News Corp., Apple Likely to Rent Fox Films Via iTunes

News Corporation and Apple are close to announcing plans to make the latest films from Twentieth Century Fox available to rent online through Apple's iTunes.

In a deal struck between the maker of the iPod gadget and News Corporation, the parent company of The Times and owner of Fox, consumers will be able to rent the latest Fox DVD releases by downloading a digital copy from Apple's iTunes platform for a fixed period.

It is understood that Apple has been trying for months to persuade Hollywood studios to sign up to a digital rental model, in which subscribers would be able to download and view films for a set period, but until now no studio had agreed to a deal.

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Studios are understood to have had concerns over issues such as pricing and piracy.

A number of Fox television shows, such as "24," and Walt Disney programs are available to buy on iTunes. Apple's chief executive, Steve Jobs, is a big shareholder in Walt Disney and sits on its board.

Disney is the only studio that sells both new releases and older films on the site, but it does not offer a rental service.

Other studios, such as Paramount Pictures, Metro-Goldwyn-Mayer and Lionsgate, sell older films through iTunes.

The latest deal could help Apple to boost its video offerings. Sales of video on iTunes have failed to grow at the same pace as the site's music downloads. Apple TV, the network device designed to play digital content originating from any Mac OS X or Windows computer on to an enhanced-definition television, has been a poor seller.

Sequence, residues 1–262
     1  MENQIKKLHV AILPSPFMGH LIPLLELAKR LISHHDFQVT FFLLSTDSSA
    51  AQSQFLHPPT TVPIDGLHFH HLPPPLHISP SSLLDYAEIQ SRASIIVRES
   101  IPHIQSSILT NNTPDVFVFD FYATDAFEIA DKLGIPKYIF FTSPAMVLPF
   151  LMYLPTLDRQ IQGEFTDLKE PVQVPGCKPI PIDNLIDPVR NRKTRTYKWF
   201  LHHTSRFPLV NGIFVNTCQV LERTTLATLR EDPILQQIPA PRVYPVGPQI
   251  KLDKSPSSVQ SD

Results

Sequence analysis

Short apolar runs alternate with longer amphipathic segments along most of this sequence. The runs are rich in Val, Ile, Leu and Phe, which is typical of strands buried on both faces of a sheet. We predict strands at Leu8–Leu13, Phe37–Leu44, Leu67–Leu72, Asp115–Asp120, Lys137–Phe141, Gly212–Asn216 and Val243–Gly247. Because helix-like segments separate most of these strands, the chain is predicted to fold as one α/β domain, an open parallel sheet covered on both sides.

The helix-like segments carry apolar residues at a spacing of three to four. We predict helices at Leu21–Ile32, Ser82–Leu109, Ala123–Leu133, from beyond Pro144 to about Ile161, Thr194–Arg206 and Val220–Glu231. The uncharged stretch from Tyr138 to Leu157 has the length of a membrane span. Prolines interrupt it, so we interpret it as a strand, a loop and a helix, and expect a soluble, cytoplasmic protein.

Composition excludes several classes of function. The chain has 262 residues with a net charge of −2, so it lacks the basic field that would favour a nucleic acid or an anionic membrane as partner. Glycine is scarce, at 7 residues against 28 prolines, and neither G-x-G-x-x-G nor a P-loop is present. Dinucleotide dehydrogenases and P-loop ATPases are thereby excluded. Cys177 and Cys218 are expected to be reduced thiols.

Details of the arrangement between Apple and News Corp., such as the pricing structure and whether all new releases will be available to rent, were unclear.

The pricing is likely to be competitive, because Apple will be competing with rivals such as Amazon's Unbox video downloading service, which sells films at relatively low prices.

Amazon says that Unbox offers television shows, films and other videos from more than 30 studios and networks. The cost of television shows is about $1.99 an episode and films cost between $7.99 and $14.99.

Fox has been experimenting with the way it offers films online and, like Sony and Viacom's Paramount Pictures, already sells films through Unbox, which was launched in September 2006.

Recent Fox films include "X-Men: The Last Stand" and "Ice Age: The Meltdown" and the studio has an extensive library.

The Apple and Fox deal is expected to be announced at the Macworld expo in San Francisco on January 14. It is unclear whether Apple will sign deals with the other studios in time for Macworld.

Fox is reportedly also planning to release DVDs that use Apple's digital-rights-management system, a move that will enable consumers to make legal copies of the disc that could be played on an iPod or other device, such as a computer.

News Corp. said recently that the media group was in talks with Apple, but it refused to elaborate.

It is understood that Apple has been in talks with some of Hollywood's largest film studios since June to start an online film-rental service aimed at competing with cable and satellite television broadcasters.

News Corp. refused to comment. Apple was unavailable for comment.

Apple's shares topped $200 for the first time on Wednesday, pushing the iPod maker past Cisco to No 2 on the list of Silicon Valley's most valuable public companies. Its stock price hit $202.96 Thursday and was bobbing around $200 in midday trading Monday.

The stock's move came amid bullish news about sales of Apple's products from, which said that the Macbook laptop ranked among the top-selling computers on its site this holiday season. is owned and operated by News Corporation, which also owns and operates the Twentieth-Century Fox film and television production studio and the Times of London.